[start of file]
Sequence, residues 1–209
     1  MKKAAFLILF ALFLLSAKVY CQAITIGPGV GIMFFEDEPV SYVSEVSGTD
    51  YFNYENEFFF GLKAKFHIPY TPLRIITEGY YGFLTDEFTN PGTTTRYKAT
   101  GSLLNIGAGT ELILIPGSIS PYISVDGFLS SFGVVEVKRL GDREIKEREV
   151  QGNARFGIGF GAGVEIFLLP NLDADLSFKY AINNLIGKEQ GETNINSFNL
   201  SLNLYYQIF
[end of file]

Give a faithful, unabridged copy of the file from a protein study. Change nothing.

Sequence, residues 1–209
     1  MKKAAFLILF ALFLLSAKVY CQAITIGPGV GIMFFEDEPV SYVSEVSGTD
    51  YFNYENEFFF GLKAKFHIPY TPLRIITEGY YGFLTDEFTN PGTTTRYKAT
   101  GSLLNIGAGT ELILIPGSIS PYISVDGFLS SFGVVEVKRL GDREIKEREV
   151  QGNARFGIGF GAGVEIFLLP NLDADLSFKY AINNLIGKEQ GETNINSFNL
   201  SLNLYYQIF